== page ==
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But though all of them have surpassed me in the scene, there is one part of glory in which I will not yield to any of them ; I mean, my Lord, that honour and veneration which they had for you in their lives, and which I preserve after them more holily than the vestal fires were maintained from age to age ; but with a greater degree of heat, and of devotion, than theirs, as being with more respect and passion than they ever were,
and unjust preference of Jonson to Shakspeare been agreeable to the general opinion of that age, our author could scarcely have hazarded this eulogium, which I have too good an opinion of his judgment and taste, to believe the expression of his genuine sentiments.
* I take this opportunity of correcting an errour into which I have fallen, respecting the date of the play to which this Dedication was prefixed, which I supposed to have been first printed in 1671, (see pp. 183 and 384); but the first edition was, I find, in 1668. This Dedication, however, is here properly placed, (conformably to the author's own arrangement,) before that prefixed to Ty. RANNICK Love, which was first printed in 1670.
OR, THE ROYAL MARTYR.?
TO THE MOST ILLUSTRIOUS PRINCE,
JAMES, DUKE OF MONMOUTH AND BUCCLEUGH,
ONE OF HIS MAJESTY'S MOST HONOURABLE PRIVY
COUNCIL, AND KNIGHT OF THE MOST NOBLE ORDER OF THE GARTER, &c.
The favourable reception which your excellent lady afforded to one of my former plays, has encouraged me to double my presumption, in addressing this to your Grace's patronage. So dangerous a thing it is to admit a poet into your family, that you can never afterwards be free from the chiming of ill verses, perpetually sounding in your ears, and more troublesome than the neighbourhood of steeples. I have been favourable to myself in this expression ; a zealous fanatick would
7 TYRANNICK LOVE was first printed in 1670; the second edition, reviewed by the author, in 1672.
have gone farther, and have called me the serpent, who first presented the fruit of my poetry to the wife, and so gained the opportunity to seduce the husband. Yet I am ready to avow a crime so advantageous to me ; but the world, which will condemn my boldness, I am sure will justify and applaud my choice. All men will join with me in the adoration which I pay you; they would wish only I had brought you a more noble sacrifice. Instead of an heroick play, you might justly expect an heroick poem, filled with the past glories of your ancestors, and the future certainties of your own. Heaven has already taken care to form you for an hero. You have all the advantages of mind and body, and an illustrious birth, conspiring to render you an extraordinary person. The Achilles and the Rinaldo are present in you, even above their originals ; you only want a Homer, or a Tasso, to make you equal to them. Youth, beauty, and courage, all which you possess in the height of their perfection, are the most desirable gifts of heaven ; and heaven is never prodigal of such treasures, but to some uncommon purpose : so goodly a fabrick was never framed by an Almighty Architect for a vulgar guest. He shewed the value which he set upon your mind, when he took care to have it so nobly and so beau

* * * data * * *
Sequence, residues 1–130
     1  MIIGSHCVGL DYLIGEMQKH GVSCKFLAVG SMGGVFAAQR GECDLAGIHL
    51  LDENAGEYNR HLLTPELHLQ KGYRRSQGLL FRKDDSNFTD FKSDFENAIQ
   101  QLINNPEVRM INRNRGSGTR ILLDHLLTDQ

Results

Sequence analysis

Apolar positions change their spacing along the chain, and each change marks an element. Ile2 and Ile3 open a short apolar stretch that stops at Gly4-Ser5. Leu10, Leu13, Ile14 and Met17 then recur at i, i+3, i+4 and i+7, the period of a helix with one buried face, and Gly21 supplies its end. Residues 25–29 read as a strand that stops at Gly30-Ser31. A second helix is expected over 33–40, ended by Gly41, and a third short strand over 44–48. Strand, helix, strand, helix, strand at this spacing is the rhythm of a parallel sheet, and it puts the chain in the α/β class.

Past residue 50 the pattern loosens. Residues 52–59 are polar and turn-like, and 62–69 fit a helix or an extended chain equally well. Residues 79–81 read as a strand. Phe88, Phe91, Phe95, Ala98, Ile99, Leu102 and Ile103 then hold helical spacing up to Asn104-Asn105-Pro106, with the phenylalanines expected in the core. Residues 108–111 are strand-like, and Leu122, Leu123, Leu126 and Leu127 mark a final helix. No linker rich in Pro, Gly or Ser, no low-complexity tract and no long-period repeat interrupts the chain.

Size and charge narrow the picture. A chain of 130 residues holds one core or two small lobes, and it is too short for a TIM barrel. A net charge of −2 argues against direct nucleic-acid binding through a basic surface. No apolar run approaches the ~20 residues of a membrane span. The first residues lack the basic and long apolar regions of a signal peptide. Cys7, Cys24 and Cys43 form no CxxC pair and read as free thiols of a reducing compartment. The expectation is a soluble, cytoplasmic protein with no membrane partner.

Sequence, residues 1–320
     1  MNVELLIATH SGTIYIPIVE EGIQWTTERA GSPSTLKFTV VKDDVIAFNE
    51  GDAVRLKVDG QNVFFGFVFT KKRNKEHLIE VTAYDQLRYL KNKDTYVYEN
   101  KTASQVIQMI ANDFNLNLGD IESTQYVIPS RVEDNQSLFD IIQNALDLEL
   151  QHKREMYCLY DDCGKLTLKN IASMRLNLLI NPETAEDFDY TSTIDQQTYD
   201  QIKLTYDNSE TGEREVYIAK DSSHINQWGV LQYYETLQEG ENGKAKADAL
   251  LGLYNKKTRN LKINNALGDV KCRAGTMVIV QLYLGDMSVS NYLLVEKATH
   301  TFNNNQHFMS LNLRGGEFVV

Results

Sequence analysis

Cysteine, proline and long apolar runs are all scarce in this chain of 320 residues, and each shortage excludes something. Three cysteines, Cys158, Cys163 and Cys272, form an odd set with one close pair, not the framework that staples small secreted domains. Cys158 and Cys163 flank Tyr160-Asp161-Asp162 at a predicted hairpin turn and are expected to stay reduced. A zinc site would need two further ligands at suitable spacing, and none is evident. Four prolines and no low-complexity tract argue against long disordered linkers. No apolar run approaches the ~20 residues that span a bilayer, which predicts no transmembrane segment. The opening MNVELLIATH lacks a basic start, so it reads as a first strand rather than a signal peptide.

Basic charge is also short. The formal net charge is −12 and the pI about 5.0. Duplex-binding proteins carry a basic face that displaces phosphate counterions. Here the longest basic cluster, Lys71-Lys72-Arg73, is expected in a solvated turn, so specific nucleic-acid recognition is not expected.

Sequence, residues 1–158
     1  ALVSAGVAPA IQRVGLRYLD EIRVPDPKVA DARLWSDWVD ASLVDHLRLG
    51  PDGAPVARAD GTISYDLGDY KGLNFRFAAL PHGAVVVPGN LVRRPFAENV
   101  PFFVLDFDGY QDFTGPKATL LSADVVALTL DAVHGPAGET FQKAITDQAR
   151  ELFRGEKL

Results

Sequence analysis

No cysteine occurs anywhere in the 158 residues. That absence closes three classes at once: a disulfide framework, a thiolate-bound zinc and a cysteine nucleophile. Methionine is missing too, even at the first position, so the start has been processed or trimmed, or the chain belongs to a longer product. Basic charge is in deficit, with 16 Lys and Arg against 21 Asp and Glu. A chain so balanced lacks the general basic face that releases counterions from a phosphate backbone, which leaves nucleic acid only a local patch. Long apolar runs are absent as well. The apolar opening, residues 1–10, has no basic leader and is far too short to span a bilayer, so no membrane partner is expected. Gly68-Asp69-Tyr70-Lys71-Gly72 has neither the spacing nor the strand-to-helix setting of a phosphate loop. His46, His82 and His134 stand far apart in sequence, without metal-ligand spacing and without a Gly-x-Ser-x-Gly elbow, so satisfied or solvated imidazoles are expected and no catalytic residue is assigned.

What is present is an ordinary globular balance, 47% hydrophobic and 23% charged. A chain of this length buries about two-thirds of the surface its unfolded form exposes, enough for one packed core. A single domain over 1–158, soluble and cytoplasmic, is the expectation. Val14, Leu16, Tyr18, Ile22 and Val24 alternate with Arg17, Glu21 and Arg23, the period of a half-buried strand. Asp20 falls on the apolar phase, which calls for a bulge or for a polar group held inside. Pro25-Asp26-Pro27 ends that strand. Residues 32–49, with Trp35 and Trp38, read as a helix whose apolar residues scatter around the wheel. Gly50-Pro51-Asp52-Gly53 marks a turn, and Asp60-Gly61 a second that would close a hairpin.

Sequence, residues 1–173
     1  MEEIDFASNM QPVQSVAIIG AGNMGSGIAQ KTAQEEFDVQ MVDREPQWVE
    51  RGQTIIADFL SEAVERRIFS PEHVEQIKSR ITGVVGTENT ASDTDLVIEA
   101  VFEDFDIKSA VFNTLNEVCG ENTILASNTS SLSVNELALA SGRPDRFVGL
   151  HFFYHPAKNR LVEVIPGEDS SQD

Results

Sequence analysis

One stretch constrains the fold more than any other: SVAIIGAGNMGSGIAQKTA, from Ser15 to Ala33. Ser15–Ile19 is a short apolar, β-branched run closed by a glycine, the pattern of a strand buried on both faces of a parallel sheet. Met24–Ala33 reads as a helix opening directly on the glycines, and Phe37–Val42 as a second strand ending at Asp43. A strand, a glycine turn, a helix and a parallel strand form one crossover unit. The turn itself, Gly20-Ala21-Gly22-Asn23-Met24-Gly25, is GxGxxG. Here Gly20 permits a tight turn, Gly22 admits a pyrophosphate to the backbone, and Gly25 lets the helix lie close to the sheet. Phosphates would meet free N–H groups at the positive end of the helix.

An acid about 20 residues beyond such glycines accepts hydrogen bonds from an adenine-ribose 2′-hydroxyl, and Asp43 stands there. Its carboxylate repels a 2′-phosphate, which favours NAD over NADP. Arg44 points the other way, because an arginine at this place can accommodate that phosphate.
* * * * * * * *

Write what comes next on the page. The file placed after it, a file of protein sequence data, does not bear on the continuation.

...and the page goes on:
9 James, Duke of Monmouth, son of Charles the Second, by Lucy Waters, otherwise Barlow, was born in the year 1649, and consequently was now in his twentyfirst year.
tifully lodged. To a graceful fashion and deportment of body, you have joined a winning conversation, and an easy greatness, derived to you from the best, and best beloved of Princes; and with a great power of obliging, the world has observed in you a desire to oblige, even beyond your power. This, and all that I can say on so excellent and large a subject, is only history, in which fiction has no part; I can employ nothing of poetry in it, any more than I do in that humble protestation which I make, to continue ever
Your Grace's most obedient
and most devoted servant,